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New Sewing Centre Launch

Batik Boutique proudly launched our new sewing training centre in Kota Damansara, which will help provide training to more seamstresses with sewing and other marketable skills. The official launch was attended by industry partners, NGOs, our seamstresses, and friends, and the launch was officiated by the Kota Damansara children's drum group.

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Genuine Vs. Imitation Batik

Genuine Vs. Imitation Batik

It can be really hard to tell the difference between real and fake batik if you don’t know what you’re looking for. Here is your guide to telling the difference between genuine batik and machine printed imitation batik: 

Both can look similar to the untrained eye since both hand-painted and machine printed batik are able to use the same traditional motifs. But authentic batik is batik that is hand-painted on both sides after the application of a hot wax with a canting (pronounced CHANT-ing) which forms the lines of the design. This design can also be hand-pressed with a metal stamp called a batik chop. The design is drawn on both sides therefore both sides are equally vibrant.

Imitation or fake batik on the other hand, will normally have a faded pattern on one side of the fabric due to the fact that it was not hand-crafted equally on both sides. Authentic batik is unique every time unlike fake batik which can be replicated in bulk. Hand-made batik is imperfect and with each design change a new product is born breathing new life into heritage designs as seen in The Batik Boutique Tote Bag below.

Genuine batik can only be hand drawn onto fibrous fabrics such as crepe, rayon, hemp, cotton and silk in contrast to fake batik which is a lot of the time printed onto synthetic materials in order to cut costs.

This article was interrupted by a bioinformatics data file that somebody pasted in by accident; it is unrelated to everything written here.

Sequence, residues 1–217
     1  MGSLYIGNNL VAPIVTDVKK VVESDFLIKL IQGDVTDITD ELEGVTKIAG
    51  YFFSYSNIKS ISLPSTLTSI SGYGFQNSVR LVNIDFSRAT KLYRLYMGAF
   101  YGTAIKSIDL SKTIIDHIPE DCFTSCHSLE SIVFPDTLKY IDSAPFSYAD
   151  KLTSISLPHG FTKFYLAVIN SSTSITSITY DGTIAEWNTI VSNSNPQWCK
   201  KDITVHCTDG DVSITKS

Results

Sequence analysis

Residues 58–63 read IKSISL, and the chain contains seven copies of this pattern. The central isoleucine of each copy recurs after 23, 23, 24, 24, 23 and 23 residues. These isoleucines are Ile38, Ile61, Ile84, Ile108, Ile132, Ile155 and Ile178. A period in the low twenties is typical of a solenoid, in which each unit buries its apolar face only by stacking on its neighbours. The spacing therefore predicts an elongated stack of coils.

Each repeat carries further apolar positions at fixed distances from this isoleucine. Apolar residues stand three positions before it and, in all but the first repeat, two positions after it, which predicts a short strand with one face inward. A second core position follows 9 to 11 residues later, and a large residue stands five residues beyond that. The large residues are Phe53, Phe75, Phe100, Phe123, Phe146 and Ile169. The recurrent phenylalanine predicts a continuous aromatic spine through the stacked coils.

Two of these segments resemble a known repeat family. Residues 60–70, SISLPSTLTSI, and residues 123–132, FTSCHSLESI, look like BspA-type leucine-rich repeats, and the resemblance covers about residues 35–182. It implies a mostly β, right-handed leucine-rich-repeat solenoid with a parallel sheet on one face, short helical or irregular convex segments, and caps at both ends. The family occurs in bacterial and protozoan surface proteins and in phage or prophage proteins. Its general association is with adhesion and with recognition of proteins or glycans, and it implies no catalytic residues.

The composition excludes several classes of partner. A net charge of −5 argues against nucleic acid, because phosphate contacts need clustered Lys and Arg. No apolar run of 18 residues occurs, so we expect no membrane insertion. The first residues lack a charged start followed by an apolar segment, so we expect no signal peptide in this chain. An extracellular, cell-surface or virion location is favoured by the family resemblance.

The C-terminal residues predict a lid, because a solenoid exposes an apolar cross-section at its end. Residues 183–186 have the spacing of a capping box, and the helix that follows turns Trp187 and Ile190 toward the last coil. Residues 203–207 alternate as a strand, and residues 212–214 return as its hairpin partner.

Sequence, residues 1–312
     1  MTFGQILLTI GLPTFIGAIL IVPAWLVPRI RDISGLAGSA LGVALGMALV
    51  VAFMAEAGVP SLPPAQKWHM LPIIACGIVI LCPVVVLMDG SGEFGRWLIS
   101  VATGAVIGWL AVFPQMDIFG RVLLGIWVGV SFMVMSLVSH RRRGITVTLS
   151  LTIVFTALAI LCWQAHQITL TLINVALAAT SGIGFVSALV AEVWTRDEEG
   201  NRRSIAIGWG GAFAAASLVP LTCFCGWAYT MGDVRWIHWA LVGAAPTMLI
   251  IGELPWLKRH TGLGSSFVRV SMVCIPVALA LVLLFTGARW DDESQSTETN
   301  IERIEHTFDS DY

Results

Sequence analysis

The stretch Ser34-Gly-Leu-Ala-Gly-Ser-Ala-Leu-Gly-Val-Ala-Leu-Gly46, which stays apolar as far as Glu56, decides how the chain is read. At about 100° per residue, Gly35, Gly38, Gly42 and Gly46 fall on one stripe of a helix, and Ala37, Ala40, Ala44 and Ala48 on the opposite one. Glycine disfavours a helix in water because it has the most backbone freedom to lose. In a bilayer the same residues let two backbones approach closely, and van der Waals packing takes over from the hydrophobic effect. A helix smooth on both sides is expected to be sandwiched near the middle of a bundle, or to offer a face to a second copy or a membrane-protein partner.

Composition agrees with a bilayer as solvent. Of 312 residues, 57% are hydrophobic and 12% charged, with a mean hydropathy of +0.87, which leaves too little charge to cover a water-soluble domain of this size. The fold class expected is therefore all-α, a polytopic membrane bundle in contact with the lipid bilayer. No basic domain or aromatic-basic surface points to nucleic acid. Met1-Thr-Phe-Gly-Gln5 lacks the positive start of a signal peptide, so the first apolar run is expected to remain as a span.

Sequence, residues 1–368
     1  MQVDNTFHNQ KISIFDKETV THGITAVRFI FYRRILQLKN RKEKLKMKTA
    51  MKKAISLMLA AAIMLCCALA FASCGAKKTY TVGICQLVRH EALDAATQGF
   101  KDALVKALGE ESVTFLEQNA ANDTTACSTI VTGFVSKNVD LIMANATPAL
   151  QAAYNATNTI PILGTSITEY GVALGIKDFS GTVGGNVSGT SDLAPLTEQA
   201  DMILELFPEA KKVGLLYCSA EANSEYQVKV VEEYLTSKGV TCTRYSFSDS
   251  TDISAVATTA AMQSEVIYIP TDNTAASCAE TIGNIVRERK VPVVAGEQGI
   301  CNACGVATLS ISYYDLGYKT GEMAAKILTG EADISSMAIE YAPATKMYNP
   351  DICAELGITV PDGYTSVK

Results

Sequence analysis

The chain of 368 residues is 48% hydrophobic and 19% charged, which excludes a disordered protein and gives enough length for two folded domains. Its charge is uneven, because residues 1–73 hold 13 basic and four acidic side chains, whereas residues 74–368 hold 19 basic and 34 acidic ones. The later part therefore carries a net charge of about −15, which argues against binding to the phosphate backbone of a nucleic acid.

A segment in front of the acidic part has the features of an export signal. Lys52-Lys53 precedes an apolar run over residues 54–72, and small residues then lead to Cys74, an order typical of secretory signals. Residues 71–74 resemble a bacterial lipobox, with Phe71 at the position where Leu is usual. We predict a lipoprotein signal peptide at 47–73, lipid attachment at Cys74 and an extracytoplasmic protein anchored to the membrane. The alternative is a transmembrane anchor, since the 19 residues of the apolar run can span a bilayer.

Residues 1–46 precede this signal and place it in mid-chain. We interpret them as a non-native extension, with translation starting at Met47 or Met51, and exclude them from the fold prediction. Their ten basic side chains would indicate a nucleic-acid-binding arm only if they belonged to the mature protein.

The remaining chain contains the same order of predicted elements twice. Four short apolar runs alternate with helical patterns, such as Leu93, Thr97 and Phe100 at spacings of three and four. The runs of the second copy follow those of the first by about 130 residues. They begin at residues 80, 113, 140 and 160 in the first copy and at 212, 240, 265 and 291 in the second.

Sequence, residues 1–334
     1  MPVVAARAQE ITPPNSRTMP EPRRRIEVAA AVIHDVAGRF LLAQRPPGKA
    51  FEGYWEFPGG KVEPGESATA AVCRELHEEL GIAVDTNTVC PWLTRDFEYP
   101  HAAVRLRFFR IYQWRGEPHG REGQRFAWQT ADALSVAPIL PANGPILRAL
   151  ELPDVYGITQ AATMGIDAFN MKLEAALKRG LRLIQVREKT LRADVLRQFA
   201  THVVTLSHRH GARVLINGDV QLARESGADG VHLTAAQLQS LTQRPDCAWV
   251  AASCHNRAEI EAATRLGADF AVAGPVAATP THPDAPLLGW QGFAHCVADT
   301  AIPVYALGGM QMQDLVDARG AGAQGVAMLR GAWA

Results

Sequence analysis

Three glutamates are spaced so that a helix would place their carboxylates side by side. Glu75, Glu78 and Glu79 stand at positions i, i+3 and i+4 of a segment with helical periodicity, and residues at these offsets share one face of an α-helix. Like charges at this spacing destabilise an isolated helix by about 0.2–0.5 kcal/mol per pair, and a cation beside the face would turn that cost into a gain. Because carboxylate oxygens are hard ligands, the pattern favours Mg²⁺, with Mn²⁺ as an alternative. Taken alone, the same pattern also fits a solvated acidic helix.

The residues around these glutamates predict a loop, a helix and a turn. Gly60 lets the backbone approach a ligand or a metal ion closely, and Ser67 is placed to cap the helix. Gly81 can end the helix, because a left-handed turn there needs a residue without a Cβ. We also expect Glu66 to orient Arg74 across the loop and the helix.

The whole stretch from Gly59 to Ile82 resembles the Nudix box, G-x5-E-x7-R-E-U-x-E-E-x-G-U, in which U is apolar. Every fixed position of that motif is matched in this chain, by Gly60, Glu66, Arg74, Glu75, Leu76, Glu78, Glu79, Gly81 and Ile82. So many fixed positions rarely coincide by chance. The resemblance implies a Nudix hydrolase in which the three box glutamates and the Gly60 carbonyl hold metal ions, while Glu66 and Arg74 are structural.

The Batik Boutique only produces genuine batik products where every piece is hand-drawn or blocked by artisans in order to make a social impact. The Batik Boutique is a social enterprise that supports its artisans with a reliable source of income. It is committed to people and producing sustainable fashion that both empowers people and invests in the future. 


Rabin, R. C. (1990). The Intricate Patterning of Batik. Retrieved May 25, 2016, from

How To Recognize An Imitation Batik items in Beauty In Batik store on eBay! (n.d.). Retrieved May 25, 2016, from

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FR Week: #6 Wani’s Family - Passion That Doesn’t Wash Away

FR Week: #6 Wani’s Family - Passion That Doesn’t Wash Away

The last post for Fashion revolution week is about a fierce family that has been working with batik for many years while facing many challenges and difficulties through living from their passion.

Ani’s family runs a batik workshop for the past several decades. They work with Batik Boutique to produce marvelous fabrics for our corporate gifts and apparels. We had the pleasure to spend the afternoon at their family run workshop in a village in Malaysia.